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Thursday 19 April 2018

A vaguely worded amendment to keep Britain in the customs union may not pose a huge challenge for the government’s stated ambition of leaving the Customs Union, but once again, it shows the British people do not have the political system they deserve.  

Late yesterday afternoon, the pro-Remain Lords inflicted another setback on the government’s Brexit ambitions, voting 348 to 225 in favour of an amendment to keep Britain in the Customs union. The revised clause to the EU Withdrawal Bill received a volley of scathing criticism during the preceding debate.

“This is a political argument dressed up as a trade argument,” said Lord Lawson who repeatedly scorned the “wrecking amendment”. The former Chancellor said that while he understood those political arguments, there was no economic rationale behind remaining in the Customs Union, which would mean Britain continues to be deprived of an independent trade policy and would be enslaved to the EU regulatory machine on all industrial goods. Not only would we not be able to sign our own trade deals and set our own tariffs, but the EU would enforce the basic terms of new trade deals on us, which we would then have no bargaining power to wriggle out or improve the terms of.

This is the hostile situation Turkey – a nation only in the EU in the vain hope of one day joining the bloc – currently finds itself in. Third nations signing FTAs with Brussels are automatically given tariff-free access to most of the Turkish market. But third countries have no obligation to offer Ankara reciprocal terms. In joining the Customs Union, Turkey has literally voted for Christmas. This fate must not befall the United Kingdom.

The Remainers, notably the sponsors of the amendment, Lords Patten and Kerr resorted to technical detail amounting to little of substance and even less sense. As an argument for staying tied to the EU’s dwindling market, Lord Patten cited a trade surplus the UK has with South Korea (which has a trade deal with the EU) as a reason to be sceptical of a global Britain. He failed to mention that the surplus is dwarfed by the EU’s with the UK, placing us on an enviable footing to extract a decent deal out of Brussels.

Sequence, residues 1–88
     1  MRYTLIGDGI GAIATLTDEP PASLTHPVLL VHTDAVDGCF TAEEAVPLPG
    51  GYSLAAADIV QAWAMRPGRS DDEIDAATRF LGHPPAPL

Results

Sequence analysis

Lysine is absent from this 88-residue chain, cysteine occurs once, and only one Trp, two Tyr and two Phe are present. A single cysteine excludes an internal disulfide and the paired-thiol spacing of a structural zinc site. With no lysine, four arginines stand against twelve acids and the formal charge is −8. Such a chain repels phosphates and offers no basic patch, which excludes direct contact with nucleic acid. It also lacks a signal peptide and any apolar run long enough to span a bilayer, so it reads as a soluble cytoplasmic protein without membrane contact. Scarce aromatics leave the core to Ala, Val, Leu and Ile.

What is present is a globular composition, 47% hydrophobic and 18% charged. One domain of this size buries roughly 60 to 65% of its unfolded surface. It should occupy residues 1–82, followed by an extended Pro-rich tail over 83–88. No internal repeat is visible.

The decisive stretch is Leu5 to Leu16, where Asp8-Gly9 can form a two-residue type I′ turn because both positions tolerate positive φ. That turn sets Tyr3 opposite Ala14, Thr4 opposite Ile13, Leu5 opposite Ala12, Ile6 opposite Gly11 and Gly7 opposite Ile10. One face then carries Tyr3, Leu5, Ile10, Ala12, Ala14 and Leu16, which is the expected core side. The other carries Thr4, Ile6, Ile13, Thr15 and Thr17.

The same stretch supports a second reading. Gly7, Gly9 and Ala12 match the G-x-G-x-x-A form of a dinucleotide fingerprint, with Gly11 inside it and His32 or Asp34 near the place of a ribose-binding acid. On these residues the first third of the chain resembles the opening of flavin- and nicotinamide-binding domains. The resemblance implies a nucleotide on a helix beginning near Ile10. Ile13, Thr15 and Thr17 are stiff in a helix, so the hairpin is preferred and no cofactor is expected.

Lord Forsyth joined Lawson in calling out Patten and Kerr’s sinister motives: “What is going on here is an exercise by Remainers in this House, who are the majority, who refuse to accept the verdict of the British people, and I believe they are playing with fire,” said Forsyth, reminding his fellow peers that the purpose of the Withdrawal Bill was not to constrain the government’s negotiating position but to set up the right legislative conditions for a smooth exit from the Single Market.

As reported in yesterday’s Brexit Brunch the amendment is inert:

The condition is that…the framework for the United Kingdom’s future relationship with the European Union, an arrangement which enables the United Kingdom to continue participating in a customs union with the European Union.

One Cabinet Minister told the Mail, it was “not prescriptive” and the government could “live with it”.

“This amendment does not commit the UK to remaining in a customs union with the EU, it requires us to make a statement in Parliament explaining the steps we’ve taken.

“Our policy on this subject is very clear. We are leaving the customs union,” said a spokesperson for the Department for Exiting the EU.

The House of Commons could still throw the amendment out, but the prospects are slim. It was tabled by Labour, Liberal Democrat, Conservative and Crossbench peers. Speaking on the Today Programme this morning, Shadow Brexit Secretary Keir Starmer expressed his confidence a Customs Union commitment would make it into the final Act. With an eye on the Tory rebels, who would most certainly defend the amendment, Starmer said there was a “growing consensus” in Parliament that the government has got it wrong on customs, even though his colleague Barry Gardiner, the Shadow Trade Secretary was recently discovered to be highly critical of it, describing it as bollocks.

Typically, the likes of Gardiner, Lawson and Forsyth are part of a minority in Parliament, but the public majority. Their peers, elected and unelected, should take note.